Continuous power generation and microbial community structure of the anode biofilms in a three-stage microbial fuel cell system.Appl Microbiol Biotechnol. 2009 Jul; 83(5):965-77.AM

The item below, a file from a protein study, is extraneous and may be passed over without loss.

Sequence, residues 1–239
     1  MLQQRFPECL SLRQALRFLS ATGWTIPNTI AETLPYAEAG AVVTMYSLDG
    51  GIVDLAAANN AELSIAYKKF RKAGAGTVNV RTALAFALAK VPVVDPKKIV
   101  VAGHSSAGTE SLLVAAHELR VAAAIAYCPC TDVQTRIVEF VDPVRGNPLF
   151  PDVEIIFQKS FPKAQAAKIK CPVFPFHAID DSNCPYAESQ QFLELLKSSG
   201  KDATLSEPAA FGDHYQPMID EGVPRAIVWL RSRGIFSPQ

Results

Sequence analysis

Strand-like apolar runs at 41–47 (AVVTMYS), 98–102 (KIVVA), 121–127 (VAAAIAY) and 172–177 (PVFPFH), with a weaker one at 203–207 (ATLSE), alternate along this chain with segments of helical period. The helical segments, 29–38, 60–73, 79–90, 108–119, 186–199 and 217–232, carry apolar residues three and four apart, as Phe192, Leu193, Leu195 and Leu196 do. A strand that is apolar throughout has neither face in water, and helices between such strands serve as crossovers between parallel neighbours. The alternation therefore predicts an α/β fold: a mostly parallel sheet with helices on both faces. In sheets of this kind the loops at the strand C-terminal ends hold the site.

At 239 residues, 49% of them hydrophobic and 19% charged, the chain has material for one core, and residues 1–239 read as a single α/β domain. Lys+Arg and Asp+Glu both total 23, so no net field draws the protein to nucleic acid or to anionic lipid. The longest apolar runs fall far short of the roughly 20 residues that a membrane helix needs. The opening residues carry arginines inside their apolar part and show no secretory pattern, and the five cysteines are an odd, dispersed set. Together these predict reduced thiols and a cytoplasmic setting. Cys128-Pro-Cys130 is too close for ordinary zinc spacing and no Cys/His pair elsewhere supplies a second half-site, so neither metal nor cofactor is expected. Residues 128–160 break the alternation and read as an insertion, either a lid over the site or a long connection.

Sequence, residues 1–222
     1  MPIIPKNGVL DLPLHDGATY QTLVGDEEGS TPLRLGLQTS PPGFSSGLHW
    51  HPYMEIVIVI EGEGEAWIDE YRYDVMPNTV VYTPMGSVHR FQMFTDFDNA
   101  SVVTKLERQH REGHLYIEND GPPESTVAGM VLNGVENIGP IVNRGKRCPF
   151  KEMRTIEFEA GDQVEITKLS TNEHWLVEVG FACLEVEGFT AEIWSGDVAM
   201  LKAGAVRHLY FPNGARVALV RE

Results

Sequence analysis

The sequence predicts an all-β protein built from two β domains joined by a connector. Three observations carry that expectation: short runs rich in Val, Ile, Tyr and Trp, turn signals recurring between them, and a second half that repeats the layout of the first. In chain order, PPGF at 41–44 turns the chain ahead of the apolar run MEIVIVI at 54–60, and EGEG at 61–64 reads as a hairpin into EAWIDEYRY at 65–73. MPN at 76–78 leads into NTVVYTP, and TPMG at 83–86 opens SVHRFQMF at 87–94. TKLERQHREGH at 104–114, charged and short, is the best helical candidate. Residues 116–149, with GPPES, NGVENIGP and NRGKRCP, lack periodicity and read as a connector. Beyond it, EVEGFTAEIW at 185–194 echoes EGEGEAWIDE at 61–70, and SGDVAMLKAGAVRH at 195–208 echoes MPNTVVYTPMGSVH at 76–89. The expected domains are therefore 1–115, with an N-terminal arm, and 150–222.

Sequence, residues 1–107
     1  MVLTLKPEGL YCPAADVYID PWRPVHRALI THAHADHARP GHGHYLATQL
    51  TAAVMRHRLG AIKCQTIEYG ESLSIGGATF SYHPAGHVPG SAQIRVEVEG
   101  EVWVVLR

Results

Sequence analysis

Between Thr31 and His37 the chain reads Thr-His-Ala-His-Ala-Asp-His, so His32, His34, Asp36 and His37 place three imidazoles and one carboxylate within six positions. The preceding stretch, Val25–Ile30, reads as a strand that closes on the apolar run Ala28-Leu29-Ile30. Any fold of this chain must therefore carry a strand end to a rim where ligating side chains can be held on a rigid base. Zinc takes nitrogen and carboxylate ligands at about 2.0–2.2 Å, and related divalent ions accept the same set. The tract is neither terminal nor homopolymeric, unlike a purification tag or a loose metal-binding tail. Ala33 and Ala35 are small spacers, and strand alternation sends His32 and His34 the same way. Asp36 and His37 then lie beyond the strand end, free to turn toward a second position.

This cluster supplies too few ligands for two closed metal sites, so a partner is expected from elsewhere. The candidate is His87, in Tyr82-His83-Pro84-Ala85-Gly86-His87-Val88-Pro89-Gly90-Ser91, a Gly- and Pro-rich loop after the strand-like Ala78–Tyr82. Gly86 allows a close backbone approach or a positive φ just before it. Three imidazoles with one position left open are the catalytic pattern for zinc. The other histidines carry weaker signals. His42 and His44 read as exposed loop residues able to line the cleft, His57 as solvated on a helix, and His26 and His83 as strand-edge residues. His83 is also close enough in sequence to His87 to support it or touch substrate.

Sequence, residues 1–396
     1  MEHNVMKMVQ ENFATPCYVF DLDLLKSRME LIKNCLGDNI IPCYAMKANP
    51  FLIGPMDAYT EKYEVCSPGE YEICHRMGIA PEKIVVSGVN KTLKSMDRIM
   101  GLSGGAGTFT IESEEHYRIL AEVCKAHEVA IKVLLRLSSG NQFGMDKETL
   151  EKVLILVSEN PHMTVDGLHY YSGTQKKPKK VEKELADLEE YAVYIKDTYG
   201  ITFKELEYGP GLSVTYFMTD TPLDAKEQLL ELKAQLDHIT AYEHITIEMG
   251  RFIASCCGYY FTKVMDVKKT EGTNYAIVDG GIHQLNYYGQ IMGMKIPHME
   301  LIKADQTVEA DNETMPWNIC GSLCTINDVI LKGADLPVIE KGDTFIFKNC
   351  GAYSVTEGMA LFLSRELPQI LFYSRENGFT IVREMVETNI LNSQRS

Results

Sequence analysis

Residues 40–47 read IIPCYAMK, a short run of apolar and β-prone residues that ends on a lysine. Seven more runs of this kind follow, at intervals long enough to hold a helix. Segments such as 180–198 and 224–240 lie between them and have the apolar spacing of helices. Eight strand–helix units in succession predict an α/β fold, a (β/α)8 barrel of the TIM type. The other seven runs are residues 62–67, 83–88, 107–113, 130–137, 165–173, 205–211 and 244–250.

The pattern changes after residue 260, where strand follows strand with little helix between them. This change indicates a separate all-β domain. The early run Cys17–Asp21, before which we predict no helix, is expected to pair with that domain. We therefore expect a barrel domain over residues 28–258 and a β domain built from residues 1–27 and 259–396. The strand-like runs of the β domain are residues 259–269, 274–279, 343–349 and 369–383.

A mediator-less three-stage two-chamber microbial fuel cell (MFC) system was developed and operated continuously for more than 1.5 years to evaluate continuous power generation while treating artificial wastewater containing glucose (10 mM) concurrently. A stable power density of 28 W/m(3) was attained with an anode hydraulic retention time of 4.5 h and phosphate buffer as the cathode electrolyte. An overall dissolved organic carbon removal ratio was about 85%, and coulombic efficiency was about 46% in this MFC system. We also analyzed the microbial community structure of anode biofilms in each MFC. Since the environment in each MFC was different due to passing on the products to the next MFC in series, the microbial community structure was different accordingly. The anode biofilm in the first MFC consisted mainly of bacteria belonging to the Gammaproteobacteria, identified as Aeromonas sp., while the Firmicutes dominated the anode biofilms in the second and third MFCs that were mainly fed with acetate. Cyclic voltammetric results supported the presence of a redox compound(s) associated with the anode biofilm matrix, rather than mobile (dissolved) forms, which could be responsible for the electron transfer to the anode. Scanning electron microscopy revealed that the anode biofilms were comprised of morphologically different cells that were firmly attached on the anode surface and interconnected each other with anchor-like filamentous appendages, which might support the results of cyclic voltammetry.